Industrial-organizational (I-O) psychologists use theories and principles from psychology to scientifically study working populations and improve the effectiveness of organizations. However, for aspiring I-O psychologists, it may not be clear what path to follow to land their dream job. In this post from APA’s Division 14, or the Society for Industrial & Organizational Psychology’s (SIOP) Visibility Committee, we point students towards some helpful resources as they start to think about choosing and preparing for a career in I-O!
What jobs can I have as an I-O psychologist?
There are many different (and often ambiguous) job titles held by I-O psychologists who typically work in academia, applied settings (i.e., private industry, consulting firms, or government), or both. They might be professors, research scientists, principle consultants, program leaders, area directors, senior vice presidents, CEOs, and the list goes on! Given the numerous positions an I-O psychologist can take on, it’s often tricky for prospective undergraduates and I-O graduate students to understand what is involved in each type of role. See here for just one example of a typical day in the life of an I-O psychologist working in industry.
Here are some additional useful resources to get you started exploring I-O career paths:
1. Visit the Occupational Information Network (O*NET) to learn more generally about the job of an I-O psychologist, what credentials are needed, potential wages, and growth of the field
2. Investigate more specific I-O career paths and potential job titles on the SIOP website
3. Take a look at current I-O job postings to get a feel for typical job requirements for a given position
4. Watch archived student webinars on this topic featuring current I-O psychologists
5. Visit the American Psychological Association’s “Science in Action” careers page to learn more about I-O and how it’s applied as well as additional resources for students.
How do I get my dream job in I-O psychology?
I-O psychologists tend to have varied life and educational experiences that led them to the field and their particular position. As such, there’s no one right way to prepare for a job in the I-O field, but the more information gathering you can do early on, the better! Below are some tips for how to set yourself up for identifying that dream job and strategies for getting it.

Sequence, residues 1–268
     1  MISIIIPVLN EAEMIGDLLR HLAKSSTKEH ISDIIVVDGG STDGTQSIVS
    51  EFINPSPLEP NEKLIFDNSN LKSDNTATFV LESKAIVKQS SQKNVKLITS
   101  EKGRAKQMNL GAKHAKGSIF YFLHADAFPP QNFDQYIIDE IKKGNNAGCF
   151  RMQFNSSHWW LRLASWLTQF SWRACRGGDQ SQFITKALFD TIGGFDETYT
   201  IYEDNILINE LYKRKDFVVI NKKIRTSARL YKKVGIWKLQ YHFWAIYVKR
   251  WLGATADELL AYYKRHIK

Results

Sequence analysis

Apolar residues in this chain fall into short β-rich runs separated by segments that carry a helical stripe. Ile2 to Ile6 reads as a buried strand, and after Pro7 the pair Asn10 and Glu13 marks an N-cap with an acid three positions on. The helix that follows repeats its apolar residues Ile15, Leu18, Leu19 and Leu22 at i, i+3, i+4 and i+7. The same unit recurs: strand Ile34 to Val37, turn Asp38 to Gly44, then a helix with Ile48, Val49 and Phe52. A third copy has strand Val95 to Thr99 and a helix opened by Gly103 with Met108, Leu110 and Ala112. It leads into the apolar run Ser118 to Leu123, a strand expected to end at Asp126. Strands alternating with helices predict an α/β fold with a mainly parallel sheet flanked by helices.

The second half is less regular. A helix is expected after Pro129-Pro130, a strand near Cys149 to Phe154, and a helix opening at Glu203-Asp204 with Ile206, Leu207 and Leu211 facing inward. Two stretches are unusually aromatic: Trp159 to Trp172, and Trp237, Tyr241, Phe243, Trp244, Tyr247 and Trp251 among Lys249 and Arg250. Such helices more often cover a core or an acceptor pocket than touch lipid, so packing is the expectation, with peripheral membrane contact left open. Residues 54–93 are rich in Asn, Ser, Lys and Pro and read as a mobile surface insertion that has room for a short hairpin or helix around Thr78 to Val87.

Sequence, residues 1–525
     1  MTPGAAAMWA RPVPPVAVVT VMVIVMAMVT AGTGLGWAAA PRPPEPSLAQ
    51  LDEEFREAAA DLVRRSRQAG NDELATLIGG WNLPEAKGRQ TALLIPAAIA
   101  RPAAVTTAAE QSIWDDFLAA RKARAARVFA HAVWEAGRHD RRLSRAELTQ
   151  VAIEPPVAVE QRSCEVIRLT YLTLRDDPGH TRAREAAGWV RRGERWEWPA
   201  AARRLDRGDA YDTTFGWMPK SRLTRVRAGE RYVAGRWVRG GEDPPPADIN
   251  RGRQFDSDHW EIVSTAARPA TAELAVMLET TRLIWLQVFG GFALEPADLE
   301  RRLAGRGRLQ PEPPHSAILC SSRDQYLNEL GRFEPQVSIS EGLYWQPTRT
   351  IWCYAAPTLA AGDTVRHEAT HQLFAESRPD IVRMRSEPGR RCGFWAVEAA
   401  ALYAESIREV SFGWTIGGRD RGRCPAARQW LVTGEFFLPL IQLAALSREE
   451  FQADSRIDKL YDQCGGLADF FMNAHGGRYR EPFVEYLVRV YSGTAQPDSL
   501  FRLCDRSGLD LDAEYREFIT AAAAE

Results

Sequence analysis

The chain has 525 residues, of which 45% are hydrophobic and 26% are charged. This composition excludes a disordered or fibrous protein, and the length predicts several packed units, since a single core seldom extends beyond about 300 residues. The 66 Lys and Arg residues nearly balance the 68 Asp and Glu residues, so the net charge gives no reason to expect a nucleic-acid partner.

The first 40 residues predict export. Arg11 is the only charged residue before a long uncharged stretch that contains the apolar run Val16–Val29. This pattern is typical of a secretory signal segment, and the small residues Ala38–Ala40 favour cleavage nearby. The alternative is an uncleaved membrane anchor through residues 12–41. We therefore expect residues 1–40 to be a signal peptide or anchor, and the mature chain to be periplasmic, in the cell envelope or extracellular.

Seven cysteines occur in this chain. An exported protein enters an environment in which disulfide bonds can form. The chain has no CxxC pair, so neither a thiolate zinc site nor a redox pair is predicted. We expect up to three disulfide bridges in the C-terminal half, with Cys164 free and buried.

1. Be proactive and talk (honestly) with your advisor about what you want in a career and how you can get there
2. Contact alumni from your program and ask if they would be willing to chat with you about their job
3. Attend academic conferences, like the annual Society for Industrial & Organizational Psychology meeting, don’t skip out on networking events, and look for conference sessions targeting students interested in learning more about career options (there’s always a couple!)
4. Don’t miss guest I-O speakers that visit your school and join your local I-O group to connect with professionals in the nearby area
5. Create a good LinkedIn profile where you can connect with individuals in the field and hear about job opportunities
6. Lastly, while it may seem obvious, the most important thing you can do to set yourself up for a future job in I-O is to work hard and build your resume with the skills, experiences, and accomplishments that will make you competitive for the job you really want
Is there anything else I can do? Yes, check out SIOP’s new Conversation Series, starting 7/26!
If you are curious to learn more about what I-O Psychologists really do and how they got their job, SIOP, Division 14 of the American Psychological Association, is launching a live Conversation Series for prospective and current I-Os to meet the minds shaping how we think about work. Join us for a live conference call with Dr. Adam Grant on July 26th at 10:30AM Eastern to kick off the new series. Dr. Grant will be chatting with us (and hopefully you!) about his career path, what he loves about I-O psychology, and some of his recent projects.